Criminal Justice Certification in North Carolina
Why Should I Get a Criminal Justice Certificate in North Carolina?
Criminal justice is undoubtedly one of the most important sectors of society. Of course, it benefits the residents and visitors of North Carolina to be protected from crime, but also benefits those who unintentionally end up leading a life of crime.
Criminal justice graduates can help prisoners get treated fairly, rehabilitate their lives, and get treatment for addiction or mental health issues. This is particularly important in North Carolina, where drug addiction has become an epidemic-level issue (The Times News, 2016). North Carolina is one of eight states to receive a large federal grant for opioid treatment.
Are you considering a criminal justice certificate as the next step in your education?
Get more information now by contacting criminal justice programs in North Carolina.
What Kind of Criminal Justice Certificates are Available in North Carolina?
As you’ll soon see, certificates come in many different subject areas and career specialties. You may want to decide which type of criminal justice career is optimal for you before selecting a training program.
One of the benefits of a certificate program is its length. The majority of certificate programs in North Carolina can be completed in less than one year.
Law Enforcement Technical Certificate Requirements (16 credits)
- Criminal Law
- In this course, explore the basics of criminal law and what you need to look for when you suspect someone of committing a crime.
- Court Procedures and Evidence
- Learn about collecting evidence and working through the court system of North Carolina, which may be a big part of your career as a police officer.
- Investigative Procedures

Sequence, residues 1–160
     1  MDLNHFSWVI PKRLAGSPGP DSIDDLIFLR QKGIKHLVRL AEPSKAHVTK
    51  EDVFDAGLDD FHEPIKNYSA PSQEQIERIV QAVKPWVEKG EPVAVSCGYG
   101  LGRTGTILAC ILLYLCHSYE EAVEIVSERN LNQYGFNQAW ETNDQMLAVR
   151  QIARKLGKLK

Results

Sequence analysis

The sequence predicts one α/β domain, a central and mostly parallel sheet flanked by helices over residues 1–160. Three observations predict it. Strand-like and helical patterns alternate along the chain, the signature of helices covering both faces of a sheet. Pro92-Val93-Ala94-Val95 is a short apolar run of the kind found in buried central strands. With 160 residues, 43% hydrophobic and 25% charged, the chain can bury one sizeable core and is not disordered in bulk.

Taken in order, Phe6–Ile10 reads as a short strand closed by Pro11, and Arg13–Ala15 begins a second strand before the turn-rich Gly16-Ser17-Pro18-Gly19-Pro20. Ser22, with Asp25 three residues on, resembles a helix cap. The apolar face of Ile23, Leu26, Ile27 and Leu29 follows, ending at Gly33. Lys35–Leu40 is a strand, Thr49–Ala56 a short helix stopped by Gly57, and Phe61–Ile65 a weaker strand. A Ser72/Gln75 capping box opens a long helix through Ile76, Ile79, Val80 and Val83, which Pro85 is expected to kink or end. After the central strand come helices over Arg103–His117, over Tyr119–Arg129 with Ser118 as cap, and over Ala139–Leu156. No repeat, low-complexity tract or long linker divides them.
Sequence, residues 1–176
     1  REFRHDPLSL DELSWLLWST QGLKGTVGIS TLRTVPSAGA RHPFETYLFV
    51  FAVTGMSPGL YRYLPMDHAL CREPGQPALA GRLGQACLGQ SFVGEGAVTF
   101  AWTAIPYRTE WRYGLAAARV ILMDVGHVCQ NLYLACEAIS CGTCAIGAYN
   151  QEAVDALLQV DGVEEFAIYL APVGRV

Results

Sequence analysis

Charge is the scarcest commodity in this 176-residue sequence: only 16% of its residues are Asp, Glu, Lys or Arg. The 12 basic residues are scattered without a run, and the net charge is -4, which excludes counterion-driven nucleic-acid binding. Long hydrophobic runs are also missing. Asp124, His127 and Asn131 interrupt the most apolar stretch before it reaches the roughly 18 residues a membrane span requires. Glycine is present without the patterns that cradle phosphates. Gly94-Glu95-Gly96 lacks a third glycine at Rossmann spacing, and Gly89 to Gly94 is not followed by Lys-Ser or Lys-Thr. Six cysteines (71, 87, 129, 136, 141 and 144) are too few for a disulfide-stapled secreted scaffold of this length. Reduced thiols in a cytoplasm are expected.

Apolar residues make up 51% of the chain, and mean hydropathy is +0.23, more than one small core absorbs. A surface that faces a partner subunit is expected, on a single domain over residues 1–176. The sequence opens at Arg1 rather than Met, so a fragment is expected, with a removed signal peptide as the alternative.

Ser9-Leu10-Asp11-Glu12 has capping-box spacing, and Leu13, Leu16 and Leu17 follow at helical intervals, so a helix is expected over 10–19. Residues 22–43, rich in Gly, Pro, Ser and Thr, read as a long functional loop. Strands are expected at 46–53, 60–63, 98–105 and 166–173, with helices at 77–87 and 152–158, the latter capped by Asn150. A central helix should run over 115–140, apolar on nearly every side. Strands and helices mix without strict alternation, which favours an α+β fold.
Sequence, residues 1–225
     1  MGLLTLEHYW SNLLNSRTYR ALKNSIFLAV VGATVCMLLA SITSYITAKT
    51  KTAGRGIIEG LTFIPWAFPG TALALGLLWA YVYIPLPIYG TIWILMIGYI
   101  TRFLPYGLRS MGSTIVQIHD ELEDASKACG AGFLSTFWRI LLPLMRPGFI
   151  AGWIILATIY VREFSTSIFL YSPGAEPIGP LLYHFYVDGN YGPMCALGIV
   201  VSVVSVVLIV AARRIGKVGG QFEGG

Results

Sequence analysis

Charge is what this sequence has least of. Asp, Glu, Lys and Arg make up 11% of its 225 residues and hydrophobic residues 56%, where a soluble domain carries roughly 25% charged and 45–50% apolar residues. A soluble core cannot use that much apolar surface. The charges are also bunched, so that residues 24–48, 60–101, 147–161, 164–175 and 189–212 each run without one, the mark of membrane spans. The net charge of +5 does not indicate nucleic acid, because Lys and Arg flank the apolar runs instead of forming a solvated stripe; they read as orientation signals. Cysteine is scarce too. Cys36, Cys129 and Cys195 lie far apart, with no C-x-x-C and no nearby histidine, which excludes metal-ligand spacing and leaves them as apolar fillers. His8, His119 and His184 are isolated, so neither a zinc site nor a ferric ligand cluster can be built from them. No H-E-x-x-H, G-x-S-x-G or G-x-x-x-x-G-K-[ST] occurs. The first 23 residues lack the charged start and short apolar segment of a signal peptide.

- Instructors show students how to carry out a thorough, legal criminal justice investigation.
- Constitutional Law
- This course covers the fundamentals of constitutional law and how you must protect a suspect’s rights.
Paralegal Technical Certificate Requirements (50 credits)
- Civil Litigation
- Paralegal students learn about civil litigation, how it differs from criminal litigation, and what the process is in the court system.
- Legal Research and Writing
- Build important writing and research skills that can help you investigate cases and give your lawyers a background in any type of case.
- Law Office Management and Technology
- Discover the technology used in today’s law offices and what management techniques work for day-to-day operations.
- Family Law
- This course looks into the specialty of family law, which covers custody, divorce, separation, and guardianship.
Security Technical Certificate Requirements (15 credits)
- Criminal Law
- Learn about North Carolina criminal law and federal law, paying special attention to the laws that are relevant to the destruction or theft of property.
- Security Management
- This class delves into the management of security programs and the protection of security guards.
- Loss Control and Prevention
- Instructors cover techniques for minimizing retail and business loss.
- Legal Aspects of Private Security
- Find out how to work within the law as a security guard and avoid unintentionally violating someone’s rights.
What Can I Do With a Criminal Justice Certificate in North Carolina?
After earning your certificate in criminal justice, you may be ready to see which job openings are out there.
After studying law enforcement, you may choose to become a police officer. Police officers work in many different settings and often work unusual shifts to cover traffic for major events, crime waves, and emergency situations. The average salary for a North Carolina police officer is $42,980 per year (Bureau of Labor Statistics, 2016). By the year 2024, job openings for police officers may increase 8% (O*Net, 2016).
Becoming a paralegal may allow you to work for local legal assistance agencies and law firms. Job growth may increase 13% by 2024 (O*Net, 2016). On average, North Carolina paralegals earn $44,460 per year (BLS, 2016).
If you become a security guard, you may work for a security firm, a private business or store, or individuals who need extra protection. In North Carolina, security guards earn an average of $26,460 annually (BLS, 2016). O*Net expects job openings to swell 8% through 2024 (2016).
This is the time to start working toward a new career.
Request information from criminal justice certificate programs to learn more.
Online programs may not be available in all areas
- New Hampshire
- New Jersey
- New Mexico
- New York
- North Carolina
- North Dakota
- Rhode Island
- South Carolina
- South Dakota
- West Virginia